All of these acts of love and courage on the part of the new Pope have made even the most hard-hearted of atheists and critics and skeptics take notice...He’s doing good works — motivated by his faith — and it confuses them.
The Roman Catholic Church — and the papacy — have become an easy target for critics in recent years. They’ve pointed to decades of sexual abuse scandals and subsequent cover-ups, and have echoed the words of historian David Starkey, who has called the Church “irredeemably corrupt.”
Then, on March 13, 2013, Argentinian Cardinal Jorge Mario Bergoglio became Pope Francis.
Overnight, everything changed.
Here are 13 things Pope Francis did in 2013:
1). He asked a 17-year-old boy with Downs Syndrome named Alberto di Tullio to ride in his Popemobile with him. Both the boy and his father were said to be overcome by emotion.
2). In November, he embraced Vinicio Riva — a 53 year old man suffering with neurofibromatosis — a genetic disorder that causes painful and disfiguring bumps. Riva claimed afterwards the act restored his faith in God.
3). Asked about his views on homosexual priests in July, Francis responded by saying “who am I to judge?” The comment — and others that imply that the Church has no right interfere in the spiritual lives of gays and lesbians — have sent a ripple through the gay and lesbian community.
4). In March, the Pope held a service at Casal del Marmo jail. He washed and kissed the feet of 12 young offenders — including women and Muslims.
5). He phoned a 44-year old Argentinian woman who had been raped by a policeman and told her: “You are not alone.” The woman later told media: “When I heard the Pope’s voice, it was like feeling the hand of God.”
6). Pope Francis reportedly leaves the Vatican at night with Archbishop Konrad Krajewski dressed as an ordinary priest to feed poor and homeless people in Rome.
7). He has said that “Atheists should be seen as good people if they do good.”
8). Pope Francis changed Vatican law to make sexual abuse of children a crime and created a committee to fight sexual abuse within the church.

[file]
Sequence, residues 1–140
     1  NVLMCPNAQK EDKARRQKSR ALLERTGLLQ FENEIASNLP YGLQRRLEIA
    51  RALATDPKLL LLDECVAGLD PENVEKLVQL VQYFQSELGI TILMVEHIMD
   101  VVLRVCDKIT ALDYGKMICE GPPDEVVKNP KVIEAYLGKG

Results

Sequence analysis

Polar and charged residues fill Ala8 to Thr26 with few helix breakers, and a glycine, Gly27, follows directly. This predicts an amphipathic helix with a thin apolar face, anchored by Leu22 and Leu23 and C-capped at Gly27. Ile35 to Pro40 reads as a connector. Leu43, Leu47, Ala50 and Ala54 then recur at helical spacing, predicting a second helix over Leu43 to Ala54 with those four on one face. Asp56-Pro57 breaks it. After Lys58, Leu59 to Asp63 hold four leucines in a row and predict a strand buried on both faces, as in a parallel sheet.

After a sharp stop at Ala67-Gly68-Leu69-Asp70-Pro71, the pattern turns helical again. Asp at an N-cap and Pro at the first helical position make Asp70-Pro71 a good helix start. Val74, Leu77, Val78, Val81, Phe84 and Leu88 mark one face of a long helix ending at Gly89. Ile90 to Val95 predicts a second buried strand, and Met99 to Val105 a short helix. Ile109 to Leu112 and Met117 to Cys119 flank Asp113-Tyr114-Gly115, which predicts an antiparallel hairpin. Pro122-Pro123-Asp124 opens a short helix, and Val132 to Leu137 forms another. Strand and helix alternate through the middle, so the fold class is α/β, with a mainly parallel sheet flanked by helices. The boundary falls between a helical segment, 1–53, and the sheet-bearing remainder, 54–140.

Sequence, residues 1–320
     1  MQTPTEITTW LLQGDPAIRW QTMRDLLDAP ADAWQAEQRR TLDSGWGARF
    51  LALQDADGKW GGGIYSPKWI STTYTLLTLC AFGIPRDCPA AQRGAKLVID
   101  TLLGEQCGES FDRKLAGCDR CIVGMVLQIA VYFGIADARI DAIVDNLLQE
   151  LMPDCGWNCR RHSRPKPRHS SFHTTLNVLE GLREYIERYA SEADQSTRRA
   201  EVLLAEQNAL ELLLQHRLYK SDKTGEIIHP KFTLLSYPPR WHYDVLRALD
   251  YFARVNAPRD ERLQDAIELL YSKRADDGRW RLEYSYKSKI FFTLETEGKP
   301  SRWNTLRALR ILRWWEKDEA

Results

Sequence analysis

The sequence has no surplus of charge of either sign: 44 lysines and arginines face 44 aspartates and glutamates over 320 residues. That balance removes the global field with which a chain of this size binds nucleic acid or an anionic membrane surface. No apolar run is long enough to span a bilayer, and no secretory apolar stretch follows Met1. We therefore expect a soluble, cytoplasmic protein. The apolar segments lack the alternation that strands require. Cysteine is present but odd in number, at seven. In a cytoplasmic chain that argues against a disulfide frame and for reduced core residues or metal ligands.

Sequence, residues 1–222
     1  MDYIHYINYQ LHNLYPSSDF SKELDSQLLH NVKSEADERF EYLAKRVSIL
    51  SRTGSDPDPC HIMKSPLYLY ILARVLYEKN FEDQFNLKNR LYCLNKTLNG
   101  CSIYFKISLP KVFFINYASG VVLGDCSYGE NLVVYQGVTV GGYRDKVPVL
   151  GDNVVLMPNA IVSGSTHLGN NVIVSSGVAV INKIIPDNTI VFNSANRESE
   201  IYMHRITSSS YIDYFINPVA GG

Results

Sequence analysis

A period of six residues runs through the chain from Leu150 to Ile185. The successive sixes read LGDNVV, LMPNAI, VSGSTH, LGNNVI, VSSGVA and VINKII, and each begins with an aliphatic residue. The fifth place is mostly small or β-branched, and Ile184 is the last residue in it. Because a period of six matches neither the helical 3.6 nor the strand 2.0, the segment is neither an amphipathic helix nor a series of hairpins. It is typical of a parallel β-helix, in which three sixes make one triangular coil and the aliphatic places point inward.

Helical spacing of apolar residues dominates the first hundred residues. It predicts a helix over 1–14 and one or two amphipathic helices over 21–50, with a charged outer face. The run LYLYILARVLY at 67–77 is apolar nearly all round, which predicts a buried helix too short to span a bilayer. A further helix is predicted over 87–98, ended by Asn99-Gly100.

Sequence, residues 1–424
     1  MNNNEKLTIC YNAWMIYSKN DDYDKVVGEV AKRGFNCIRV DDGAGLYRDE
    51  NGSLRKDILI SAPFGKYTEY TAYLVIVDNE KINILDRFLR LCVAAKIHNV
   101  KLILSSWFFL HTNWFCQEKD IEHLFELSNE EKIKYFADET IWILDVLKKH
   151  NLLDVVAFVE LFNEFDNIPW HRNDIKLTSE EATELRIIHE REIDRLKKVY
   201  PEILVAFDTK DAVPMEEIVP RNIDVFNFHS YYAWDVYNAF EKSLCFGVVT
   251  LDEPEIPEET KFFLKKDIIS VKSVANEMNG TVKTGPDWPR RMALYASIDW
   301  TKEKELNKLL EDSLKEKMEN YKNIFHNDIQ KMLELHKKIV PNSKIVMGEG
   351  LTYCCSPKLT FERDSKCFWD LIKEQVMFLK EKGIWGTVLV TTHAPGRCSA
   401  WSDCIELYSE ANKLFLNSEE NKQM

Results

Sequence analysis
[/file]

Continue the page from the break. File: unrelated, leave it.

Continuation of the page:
9). He has said that the Church is obsessed with abortion, gay marriage and contraception rather than putting dogma before love, and putting doctrine ahead of serving the poor and marginalized.
10). Pope Francis has said that Christians and Muslims worship the same God, and said he hoped that Christians and Muslims could work together to promote mutual respect.
11). On December 17, he invited a group of homeless men and their dog into the Vatican to share his birthday meal.
12). A young boy ran on stage as the Pope was giving a speech. His assistants tried to remove him. Francis allowed him to stay.
13). As I write this article, just five hours ago, he sent Christmas presents to 2,000 immigrants at the Dono di Maria shelter near the Vatican. He gave them everything they need to connect with family over the holiday season — including postage stamps and a pre-paid international calling card.
All of these acts of love and courage on the part of the new Pope have made even the most hard-hearted of atheists and critics and skeptics take notice. Francis is a bit of a problem for them, because he doesn’t fit into their pre-conceived notions of the papacy or the Roman Catholic Church. He’s doing good works — motivated by his faith — and it confuses them.
And while he may not win any converts — at least not right away — “it certainly does is make it harder for me to be an ornery atheist versus a more accepting atheist,” according to atheist activist Mark Mason.